Why nobody seems to smile on the streets, while most of the Russians I know are lovely, charming people who smile and laugh?
Smiling is one of the most important communication behaviors. On the one hand smiling is universal across cultures, on the other hand – smile is a function of the context of a social situation and that is the main reason Russians are always accused of being gloomy. We just smile in different social situations then people in the West.
Smile reflects a vast array of emotions in different cultures. Not all smiles are genuine expressions of happiness. There are cultural differences in both how people smile and when they smile.
In Western society, smiling is a highly valued social behavior and people who smile a lot are perceived more positively. However, Western smile first of all signals politeness and Russians smile only when “there is a reason to smile”. We even have a saying – “only fools smile without any reason”.
(Based on research by I.A. Sternin, B. Notkin and others)
In fact, if you start smiling to strangers on the streets – that will make them uncomfortable or they will think that you are smiling at them (maybe they look funny because of their appearance or hairstyle or there is something wrong with their wardrobe). They will get confused and will not smile in return.
Smiling in work/study environment is not appropriate (except for employees of Western corporate environment, who are usually expected to follow Western communication style). All other “serious contexts” are considered to be “not a place to smile”.
That starts from school. If a teacher hears giggles in her classroom, most often response would be: “why are you smiling/laughing? Did I say anything funny?” A boss in a typical Russian-style company may say the same at a business meeting. No wonder that immigration officers never greet incoming passengers with a smile. They are protecting the country border, it is a serious business. There is no place for smiles here.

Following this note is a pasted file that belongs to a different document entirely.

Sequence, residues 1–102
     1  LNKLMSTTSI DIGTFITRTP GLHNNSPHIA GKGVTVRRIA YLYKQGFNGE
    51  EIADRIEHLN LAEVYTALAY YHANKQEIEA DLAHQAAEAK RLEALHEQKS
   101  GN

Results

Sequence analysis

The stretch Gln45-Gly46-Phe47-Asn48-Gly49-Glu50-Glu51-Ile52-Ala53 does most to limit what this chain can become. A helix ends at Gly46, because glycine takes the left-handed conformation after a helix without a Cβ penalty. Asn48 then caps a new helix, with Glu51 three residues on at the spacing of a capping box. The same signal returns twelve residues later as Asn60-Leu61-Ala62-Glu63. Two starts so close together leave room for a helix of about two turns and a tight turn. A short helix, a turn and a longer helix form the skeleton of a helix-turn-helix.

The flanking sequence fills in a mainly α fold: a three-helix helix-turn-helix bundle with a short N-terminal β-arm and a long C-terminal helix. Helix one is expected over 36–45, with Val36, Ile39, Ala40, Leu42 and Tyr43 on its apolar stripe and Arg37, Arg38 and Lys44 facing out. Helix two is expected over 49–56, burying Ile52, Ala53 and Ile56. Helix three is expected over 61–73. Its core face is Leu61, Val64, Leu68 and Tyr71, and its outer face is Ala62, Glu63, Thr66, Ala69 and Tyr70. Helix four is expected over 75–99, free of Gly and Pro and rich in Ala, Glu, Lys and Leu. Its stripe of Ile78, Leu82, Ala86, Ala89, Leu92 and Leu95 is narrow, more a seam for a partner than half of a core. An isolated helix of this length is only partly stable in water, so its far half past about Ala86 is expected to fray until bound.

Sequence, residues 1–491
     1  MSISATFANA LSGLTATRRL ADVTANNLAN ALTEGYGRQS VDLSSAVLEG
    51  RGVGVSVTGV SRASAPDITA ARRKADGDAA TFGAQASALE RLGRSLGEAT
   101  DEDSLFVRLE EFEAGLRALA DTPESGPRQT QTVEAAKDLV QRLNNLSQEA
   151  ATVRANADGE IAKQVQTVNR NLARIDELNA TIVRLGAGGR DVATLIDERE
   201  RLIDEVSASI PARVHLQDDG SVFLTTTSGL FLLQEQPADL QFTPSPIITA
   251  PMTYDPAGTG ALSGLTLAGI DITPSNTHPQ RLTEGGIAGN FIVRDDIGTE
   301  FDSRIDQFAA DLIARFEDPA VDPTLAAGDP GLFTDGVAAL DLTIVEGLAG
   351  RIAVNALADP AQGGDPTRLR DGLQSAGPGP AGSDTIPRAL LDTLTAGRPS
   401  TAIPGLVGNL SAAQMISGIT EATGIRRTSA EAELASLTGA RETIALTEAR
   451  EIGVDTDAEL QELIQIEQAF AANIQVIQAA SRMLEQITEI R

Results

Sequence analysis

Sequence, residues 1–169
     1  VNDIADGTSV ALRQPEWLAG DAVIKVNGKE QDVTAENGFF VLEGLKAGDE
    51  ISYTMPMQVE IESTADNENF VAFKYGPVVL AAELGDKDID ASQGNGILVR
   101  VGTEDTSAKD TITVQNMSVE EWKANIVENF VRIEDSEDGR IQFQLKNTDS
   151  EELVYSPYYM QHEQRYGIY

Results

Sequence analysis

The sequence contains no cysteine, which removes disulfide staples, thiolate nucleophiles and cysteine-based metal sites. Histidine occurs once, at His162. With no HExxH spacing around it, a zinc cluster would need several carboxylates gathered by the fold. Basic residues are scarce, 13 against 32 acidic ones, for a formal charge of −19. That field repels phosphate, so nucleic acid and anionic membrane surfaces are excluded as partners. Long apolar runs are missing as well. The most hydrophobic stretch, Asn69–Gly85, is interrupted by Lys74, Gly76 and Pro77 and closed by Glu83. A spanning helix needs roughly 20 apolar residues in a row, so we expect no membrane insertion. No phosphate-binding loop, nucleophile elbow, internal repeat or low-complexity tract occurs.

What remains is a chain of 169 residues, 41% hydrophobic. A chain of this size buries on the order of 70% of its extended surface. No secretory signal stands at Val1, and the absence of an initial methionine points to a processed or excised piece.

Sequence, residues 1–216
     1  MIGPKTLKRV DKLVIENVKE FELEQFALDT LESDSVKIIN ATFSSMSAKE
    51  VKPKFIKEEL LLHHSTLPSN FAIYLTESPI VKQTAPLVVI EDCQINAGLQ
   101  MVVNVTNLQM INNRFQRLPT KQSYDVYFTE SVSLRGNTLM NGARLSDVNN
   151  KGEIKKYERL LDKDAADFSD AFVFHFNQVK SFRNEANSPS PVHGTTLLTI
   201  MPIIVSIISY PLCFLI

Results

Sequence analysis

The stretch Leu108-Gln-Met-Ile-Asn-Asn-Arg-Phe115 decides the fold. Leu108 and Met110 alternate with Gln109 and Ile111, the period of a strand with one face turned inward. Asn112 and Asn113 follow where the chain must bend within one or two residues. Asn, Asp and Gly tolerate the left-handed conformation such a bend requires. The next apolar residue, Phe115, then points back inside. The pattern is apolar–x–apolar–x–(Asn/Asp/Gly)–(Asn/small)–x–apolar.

When we do smile though, you can be sure that this is a sincere smile. And it is quite easy to distinguish genuine or Duchenne smile (named after 19th century French neuroscientist G. Duchenne). Duchenne smile involves not only muscles around the mouth, but also muscles around eyes:
When Russians travel abroad, at first they love that people around them smile all the time. But quite soon they sense that these smiles do not mean that locals are extra happy to see them, that is just a social norm. And most Russians come back home saying that foreigners have “insincere smiles”.
I wonder why no cosmetic company has yet come with an ad campaign of an eye cream, using the idea of “your smile is always sincere, but you need an eye cream to fix those crowfeet in the corners of your eyes. Because smiles are beautiful, but there is no need to pay for them with wrinkles”. It could’ve worked so well in Russia
Types of smile also differ across cultures. Since Russian smile is a natural one, parents never train kids how to smile (at most, they will ask a kid to smile when taking a photo).
Therefore, we do not have a universal Russian smile, but in most cases Russian smile is more like a grin, not showing teeth. That does rapidly change however, as toothpaste companies are changing the “standard of smile” with their TV commercials.
I hope that this information was useful and had explained some mystery! Please share with me your stories of visiting Russia/working in Russia! Also – how important is the smile in your culture?
© 2016 Tatiana Golubeva. All rights reserved.